Saguaro National Monument 3.3.18 Quest for Knowledge

With our bug-out bags and water supplies overstocked, we hit the road for another research adventure. (I have been increasingly adding many things I hope to never use for potential emergencies. Yes, even if it’s a simple day trip.) I like saguaros. I didn’t really honestly until about a year or two ago. I believe I took them for granted in many ways. Being in a relationship with Blanc exposed and awakened numerous things within me, which has happened ever since people from different backgrounds came together and bonded. She loves plants and cultivates her own garden. I found it was therapeutic for me to take care of plants and watch them grow.
As we traveled on the I-10, we chatted about random things and theories as usual. Then we arrived around 9 am. We had briefly stopped by the visitors’ center before but never went into the actual park. We were shocked to find it was as big as it was. Miles of protected land to explore for future generations. Disclaimer: I am conflicted because the natives should still be living here if they choose to. On the other hand, I am glad that the land is protected, and developers can’t build there. Nothing is more annoying than seeing sites like the Casa Grande Ruins surrounded by big chain stores (I’m tempted to say names, but I won’t.) As I segway back to the topic, I looked on the park map to see trails to explore and was instantly overjoyed! We saw that there was ancient rock art on the land. I have always wanted to see petroglyphs for myself. You may be wondering why I didn’t know, but I like to know as little as I can about certain places we explore. I liken myself to early explorers and like to be surprised, so I can truly experience new things. We drove to one of the trails and began our hike. It was enjoyable, and the weather wasn’t bad. We spent a while on the top of the mountain areas, just taking in the majesty of nature. I got antsy and immediately wanted to see the rock art. We hiked down, hopped in the Fj (named Blanquina), and drove to the next stop. As we walked towards it, my eyes caught some surprising figures. I have good eyesight, so I noticed a large swirl and a weird looking figure next to it. I have seen from documentaries, books, and others the same swirls are found across sites in the desert southwest. Ironically, many natives felt compelled to draw these signs (some have suggested they are the sun, etc., but you can tell the difference between the sun on the rock and these swirls. I subscribe to the theory that they depict portals as described by some natives.) We hiked up to get closer to some of the others and just sat and took them in. I can’t stress enough how impressive the carvings actually are. They have survived for so long. We really take for granted what was left behind by the natives. After that, we decided to hike deeper into the desert. We enjoyed the beauty of the saguaros. We sat on the dead skeleton of one of them and had a small picnic. It’s so peaceful there. I enjoy the fact that in Arizona, you can drive an hour or two (in virtually any direction) and see a different landscape. We had to make it to my niece’s 4th bday party back in Phoenix, so we headed back to the truck around noon. We went to the gift shop area, and I got a new patch for Blanquina. We collect patches from different places we visit, and we put them on the ceiling of the truck. I worked up a nice appetite from our 3-hour exploration, so we went looking for a local spot to eat. We searched for some Mexican spots and decided to try Anita’s St Market. My nostrils welcomed the smell of tortillas, grease, and beans. My bubble quickly was busted when we were informed that the staff was starting their lunch hour. The American in me was disappointed because I came for food and was told I needed to wait. However, the free spirit and human in me respected that they held that sort of tradition still. We left because I had a schedule to stick to. We found another place on YELP named Tania’s 33 or something. They had an interesting way to build a burrito. For example, you can add tater tots!! I was tempted but played it safe and went with my carne asada with rice and beans inside. IT. WAS. YUGE. It was a solid 3 out of 5 in my book overall, which is all I was looking for. I will keep Blanc’s review a secret because she has a higher bar for Mexican food than I do. We headed back to Phoenix, listening to our traditional mix of ABBA and Coast to Coast AM. The next research stop for us is… well, it’s a surprise. All I’ll say is we will be camping and hope to see some UFO’s (cue the X-Files theme.)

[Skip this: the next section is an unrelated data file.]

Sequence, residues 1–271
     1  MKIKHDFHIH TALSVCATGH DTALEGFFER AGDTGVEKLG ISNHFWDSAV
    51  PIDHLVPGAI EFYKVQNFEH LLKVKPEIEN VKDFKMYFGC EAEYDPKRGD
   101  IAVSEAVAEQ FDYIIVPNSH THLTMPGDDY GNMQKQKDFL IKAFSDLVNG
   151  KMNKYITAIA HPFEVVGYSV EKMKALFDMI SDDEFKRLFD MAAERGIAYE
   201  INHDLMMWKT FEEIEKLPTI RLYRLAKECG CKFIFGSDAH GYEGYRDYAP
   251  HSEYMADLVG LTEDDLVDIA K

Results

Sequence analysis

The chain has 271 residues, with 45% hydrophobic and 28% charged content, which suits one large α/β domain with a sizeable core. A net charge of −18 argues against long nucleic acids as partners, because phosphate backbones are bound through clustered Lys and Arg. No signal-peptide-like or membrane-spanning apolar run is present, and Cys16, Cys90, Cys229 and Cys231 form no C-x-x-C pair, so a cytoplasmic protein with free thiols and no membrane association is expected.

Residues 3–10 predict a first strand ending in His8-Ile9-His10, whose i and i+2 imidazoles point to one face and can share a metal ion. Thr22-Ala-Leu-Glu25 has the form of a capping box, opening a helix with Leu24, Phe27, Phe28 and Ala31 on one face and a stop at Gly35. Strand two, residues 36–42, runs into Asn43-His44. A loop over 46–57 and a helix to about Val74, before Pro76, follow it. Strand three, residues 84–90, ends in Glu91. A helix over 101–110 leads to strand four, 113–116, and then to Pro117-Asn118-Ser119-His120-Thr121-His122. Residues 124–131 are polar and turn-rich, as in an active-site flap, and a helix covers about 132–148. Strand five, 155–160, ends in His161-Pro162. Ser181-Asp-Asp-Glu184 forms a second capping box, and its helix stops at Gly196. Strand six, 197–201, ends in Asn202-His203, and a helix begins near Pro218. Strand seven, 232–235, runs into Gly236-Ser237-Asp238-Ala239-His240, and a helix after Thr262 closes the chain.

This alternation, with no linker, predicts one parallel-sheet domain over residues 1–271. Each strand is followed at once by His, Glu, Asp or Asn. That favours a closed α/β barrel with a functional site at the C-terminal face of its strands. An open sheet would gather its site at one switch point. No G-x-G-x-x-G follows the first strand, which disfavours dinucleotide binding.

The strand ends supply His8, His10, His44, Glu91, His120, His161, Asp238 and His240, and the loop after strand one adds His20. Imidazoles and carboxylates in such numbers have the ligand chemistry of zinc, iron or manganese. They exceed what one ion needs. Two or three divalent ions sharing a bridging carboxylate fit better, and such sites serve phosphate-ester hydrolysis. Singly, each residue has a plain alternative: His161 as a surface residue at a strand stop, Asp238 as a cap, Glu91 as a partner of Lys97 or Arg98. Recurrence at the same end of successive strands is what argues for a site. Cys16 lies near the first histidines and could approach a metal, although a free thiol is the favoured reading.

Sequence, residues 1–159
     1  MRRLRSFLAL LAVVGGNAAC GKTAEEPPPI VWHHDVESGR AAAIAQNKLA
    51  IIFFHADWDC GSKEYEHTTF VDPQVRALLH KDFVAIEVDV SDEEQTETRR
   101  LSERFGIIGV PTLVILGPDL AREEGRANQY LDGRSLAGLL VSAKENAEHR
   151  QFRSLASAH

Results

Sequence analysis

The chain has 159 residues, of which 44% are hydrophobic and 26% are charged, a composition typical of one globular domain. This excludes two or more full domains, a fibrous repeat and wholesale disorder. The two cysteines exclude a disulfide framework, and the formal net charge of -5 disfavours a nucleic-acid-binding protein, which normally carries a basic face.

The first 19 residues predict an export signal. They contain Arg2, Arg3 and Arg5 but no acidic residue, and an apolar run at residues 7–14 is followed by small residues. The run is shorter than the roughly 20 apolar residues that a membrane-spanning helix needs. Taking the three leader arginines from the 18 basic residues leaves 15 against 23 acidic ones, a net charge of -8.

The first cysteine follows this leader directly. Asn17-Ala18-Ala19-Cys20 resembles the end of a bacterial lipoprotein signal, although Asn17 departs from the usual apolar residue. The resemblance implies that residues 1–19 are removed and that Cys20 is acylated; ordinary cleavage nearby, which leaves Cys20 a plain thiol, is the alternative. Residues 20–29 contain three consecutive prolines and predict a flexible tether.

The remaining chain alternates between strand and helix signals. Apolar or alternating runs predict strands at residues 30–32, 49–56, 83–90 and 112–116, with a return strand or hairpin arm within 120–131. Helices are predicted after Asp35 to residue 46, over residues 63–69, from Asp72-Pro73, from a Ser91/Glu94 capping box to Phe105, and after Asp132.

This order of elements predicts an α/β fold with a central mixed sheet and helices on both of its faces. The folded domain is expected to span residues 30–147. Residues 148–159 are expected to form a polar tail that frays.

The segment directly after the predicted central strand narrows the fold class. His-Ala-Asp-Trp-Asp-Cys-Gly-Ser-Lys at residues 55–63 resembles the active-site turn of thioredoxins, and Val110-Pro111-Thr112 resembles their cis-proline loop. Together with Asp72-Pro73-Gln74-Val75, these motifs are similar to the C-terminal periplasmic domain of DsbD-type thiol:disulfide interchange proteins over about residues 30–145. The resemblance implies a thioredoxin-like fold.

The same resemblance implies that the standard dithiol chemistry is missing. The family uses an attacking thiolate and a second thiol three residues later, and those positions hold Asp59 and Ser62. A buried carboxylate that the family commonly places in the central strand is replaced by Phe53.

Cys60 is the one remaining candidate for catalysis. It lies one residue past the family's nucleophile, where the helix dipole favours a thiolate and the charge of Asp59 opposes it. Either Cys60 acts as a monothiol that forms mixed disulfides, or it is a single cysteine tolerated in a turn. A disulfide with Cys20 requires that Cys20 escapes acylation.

Geibral-

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